It is just fascinating to watch what is happening in Iran. It is interesting with all the discussion about how the Obama campaign used so-called “new media,” but this is almost more… not real, but… more raw, maybe… it is fascinating to see how it is happening. And one of the remarkable examples is happening right before our eyes in Iran.
TechPresident.com’s Nancy Scola has an excellent round-up of what people are doing — fascinating ways of supporting eDemocracy or whatever this will end up being. “By just about any measure, we’re seeing just an overwhelming amount of online information, direction, and action around Iran. Making any sense of it is a real challenge,” she writes… and somehow, one just has a sense that whatever the outcome, this is going to have ramifications.
Meanwhile, while I somehow made a list of gov 2.0 heros, there is a real hero coming from this situation: 27-year-old Jared Cohen, a member of the State Department’s Policy Planning Staff, who, according to the NYT, placed the call to Twitter on Monday, inquiring about their plan to perform maintenance in what would be the middle of the day, Iran time. [Hat tip to the Bay Newser blog… and don’t miss the November 2007 profile of Cohen in the New Yorker, Condi’s Party Starter. The New Yorker notes, “Before his State Department days, while he was still a graduate student at Oxford, Cohen talked his way into a visa for Iran, where he hoped to interview members of the political resistance. Instead, he made friends his own age.”… And yes, I did type November 2007. Whew! I’m feeling like I live under a log or something.]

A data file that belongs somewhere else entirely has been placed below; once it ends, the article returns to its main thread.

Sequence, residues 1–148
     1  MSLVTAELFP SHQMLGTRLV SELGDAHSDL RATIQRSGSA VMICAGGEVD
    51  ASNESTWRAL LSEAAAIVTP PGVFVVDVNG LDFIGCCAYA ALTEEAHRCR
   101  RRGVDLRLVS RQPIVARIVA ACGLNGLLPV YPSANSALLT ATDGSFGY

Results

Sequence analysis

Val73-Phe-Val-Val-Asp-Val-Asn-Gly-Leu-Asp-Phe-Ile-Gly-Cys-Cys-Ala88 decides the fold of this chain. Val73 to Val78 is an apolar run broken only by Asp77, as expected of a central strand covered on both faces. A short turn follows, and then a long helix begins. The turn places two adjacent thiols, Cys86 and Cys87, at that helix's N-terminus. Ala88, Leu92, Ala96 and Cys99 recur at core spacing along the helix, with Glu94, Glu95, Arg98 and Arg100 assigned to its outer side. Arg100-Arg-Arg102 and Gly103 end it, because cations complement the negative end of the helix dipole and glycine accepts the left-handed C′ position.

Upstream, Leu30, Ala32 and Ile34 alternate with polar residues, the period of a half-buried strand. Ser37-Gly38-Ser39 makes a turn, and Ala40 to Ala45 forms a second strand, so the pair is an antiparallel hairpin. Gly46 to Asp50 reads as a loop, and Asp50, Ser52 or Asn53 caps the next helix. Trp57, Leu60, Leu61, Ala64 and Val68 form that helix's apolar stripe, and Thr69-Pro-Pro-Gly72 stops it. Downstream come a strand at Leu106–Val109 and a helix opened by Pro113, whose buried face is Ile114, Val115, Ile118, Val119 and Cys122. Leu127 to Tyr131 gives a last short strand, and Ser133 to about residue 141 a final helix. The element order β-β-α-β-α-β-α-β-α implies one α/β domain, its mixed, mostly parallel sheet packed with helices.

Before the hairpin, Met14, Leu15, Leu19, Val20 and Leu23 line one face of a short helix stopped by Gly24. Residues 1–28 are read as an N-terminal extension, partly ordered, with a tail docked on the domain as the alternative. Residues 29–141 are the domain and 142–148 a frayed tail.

The request, made to a Twitter co-founder, Jack Dorsey, is yet another new-media milestone: the recognition by the United States government that an Internet blogging service that did not exist four years ago has the potential to change history in an ancient Islamic country.
“This was just a call to say: ‘It appears Twitter is playing an important role at a crucial time in Iran. Could you keep it going?’ ” said P.J. Crowley, the assistant secretary of state for public affairs.
Twitter complied with the request, saying in a blog post on Monday that it put off the upgrade until late Tuesday afternoon — 1:30 a.m. Wednesday in Tehran — because its partners recognized “the role Twitter is currently playing as an important communication tool in Iran.” The network was working normally again by Tuesday evening. The State Department said its request did not amount to meddling. Mr. Cohen, they noted, did not contact Twitter until three days after the vote was held and well after the protests had begun.
Meddling? To the contrary, it seems like very agile thinking on the part of Mr. Cohen.
Q: What do you make of what’s going on in Iran right now. Shirky: I’m always a little reticent to draws lessons from things still unfolding, but it seems pretty clear that … this is it. The big one. This is the first revolution that has been catapulted onto a global stage and transformed by social media. I’ve been thinking a lot about the Chicago demonstrations of 1968 where they chanted “the whole world is watching.” Really, that wasn’t true then. But this time it’s true … and people throughout the world are not only listening but responding. They’re engaging with individual participants, they’re passing on their messages to their friends, and they’re even providing detailed instructions to enable web proxies allowing Internet access that the authorities can’t immediately censor. That kind of participation is really extraordinary.